Students have nothing but positives to say about the OU with the main appeal being able to learn around your schedule rather than changing your schedule to learn. It is extremely useful to students with children, students who are carers, or students who have a disability. Where other universities fail to meet the needs of students in certain circumstances, OU offers an equivalent alternative.
If you do not trust the opinions of the students featured on the website, you can find an article written here by an OU student. He talks about his experience of the sometimes-hidden difficulties of being an OU student and also expresses his disagreement with the preconceived ideas the general public has about the path he took to achieve higher education. He feels the negative connotations are undeserved and knows first-hand how much work it takes to succeed at OU.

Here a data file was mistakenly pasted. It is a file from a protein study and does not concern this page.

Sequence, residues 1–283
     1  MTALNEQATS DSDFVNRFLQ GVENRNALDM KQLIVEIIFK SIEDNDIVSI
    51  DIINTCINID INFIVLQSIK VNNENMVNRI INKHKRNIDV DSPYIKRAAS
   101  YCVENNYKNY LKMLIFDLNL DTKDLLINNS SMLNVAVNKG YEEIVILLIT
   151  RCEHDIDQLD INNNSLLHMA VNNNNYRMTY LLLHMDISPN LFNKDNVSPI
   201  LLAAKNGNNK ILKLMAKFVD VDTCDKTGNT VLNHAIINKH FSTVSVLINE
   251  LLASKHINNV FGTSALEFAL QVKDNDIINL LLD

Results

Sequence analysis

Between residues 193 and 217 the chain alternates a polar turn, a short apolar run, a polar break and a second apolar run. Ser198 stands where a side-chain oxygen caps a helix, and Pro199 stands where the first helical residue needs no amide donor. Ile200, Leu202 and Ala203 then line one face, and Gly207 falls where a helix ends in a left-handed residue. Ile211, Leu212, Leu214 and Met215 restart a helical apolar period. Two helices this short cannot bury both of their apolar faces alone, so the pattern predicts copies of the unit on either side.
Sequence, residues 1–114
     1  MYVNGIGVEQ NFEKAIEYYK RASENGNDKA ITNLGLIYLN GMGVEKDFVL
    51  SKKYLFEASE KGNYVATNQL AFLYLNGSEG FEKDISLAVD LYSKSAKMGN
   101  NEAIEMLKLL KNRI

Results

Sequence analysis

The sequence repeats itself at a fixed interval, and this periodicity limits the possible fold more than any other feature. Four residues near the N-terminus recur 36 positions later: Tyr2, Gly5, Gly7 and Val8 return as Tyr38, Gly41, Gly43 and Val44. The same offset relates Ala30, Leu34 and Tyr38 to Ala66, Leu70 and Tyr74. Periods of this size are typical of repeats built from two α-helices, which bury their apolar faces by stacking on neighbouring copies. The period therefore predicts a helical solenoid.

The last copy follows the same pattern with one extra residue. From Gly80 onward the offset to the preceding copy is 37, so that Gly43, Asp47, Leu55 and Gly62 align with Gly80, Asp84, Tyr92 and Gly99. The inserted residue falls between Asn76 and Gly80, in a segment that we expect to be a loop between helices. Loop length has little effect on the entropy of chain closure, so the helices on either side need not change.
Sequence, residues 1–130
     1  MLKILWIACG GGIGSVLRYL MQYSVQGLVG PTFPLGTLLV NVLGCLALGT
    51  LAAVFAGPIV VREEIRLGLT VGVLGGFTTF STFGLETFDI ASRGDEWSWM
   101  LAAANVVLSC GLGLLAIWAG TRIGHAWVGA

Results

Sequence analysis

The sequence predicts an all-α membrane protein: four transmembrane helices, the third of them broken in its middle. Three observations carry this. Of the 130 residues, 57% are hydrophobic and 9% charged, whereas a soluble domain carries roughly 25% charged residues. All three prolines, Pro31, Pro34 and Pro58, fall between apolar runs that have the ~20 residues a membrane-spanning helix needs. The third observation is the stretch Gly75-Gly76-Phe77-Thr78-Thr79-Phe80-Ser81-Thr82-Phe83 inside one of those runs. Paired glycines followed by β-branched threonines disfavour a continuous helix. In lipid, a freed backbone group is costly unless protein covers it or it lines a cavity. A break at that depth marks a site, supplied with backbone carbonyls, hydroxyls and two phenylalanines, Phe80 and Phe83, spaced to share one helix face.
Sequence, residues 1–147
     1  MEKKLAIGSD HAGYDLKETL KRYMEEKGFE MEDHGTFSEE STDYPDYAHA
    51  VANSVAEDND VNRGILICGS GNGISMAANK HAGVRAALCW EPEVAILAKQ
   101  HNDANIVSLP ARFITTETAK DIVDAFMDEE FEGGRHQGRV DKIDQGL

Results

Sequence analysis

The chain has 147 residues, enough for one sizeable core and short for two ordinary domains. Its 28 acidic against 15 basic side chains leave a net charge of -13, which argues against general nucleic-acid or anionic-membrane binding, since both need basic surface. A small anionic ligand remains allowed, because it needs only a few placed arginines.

Do Open University Students Have to be More Self-Motivated?
Average university students are surrounded by learning. They go to a campus, meet other students, and have face-to-face lectures. This makes it easier to get into that “learning mindset” and requires less self-motivation than being at home. A student in distance learning has to condition themselves to ignore distractions and get their head down. Some people cannot deal with that kind of pressure while others thrive under it. It all just depends on your learning style.
Learning in this type of way demonstrates maturity. OU prides itself on their innovative teaching style which is well liked by students and draws out abilities they might not have used in a long time. They use a mixture of tutor-led online courses and traditional studying materials such as textbooks to convey information to their students. Before the start of a course, OU will send a package containing textbooks, memory sticks and other extra equipment which are all included in the tuition fee. They offer high quality materials to make the learning experience as smooth as possible and relieve the pressure of worrying about if you’re missing specific resources.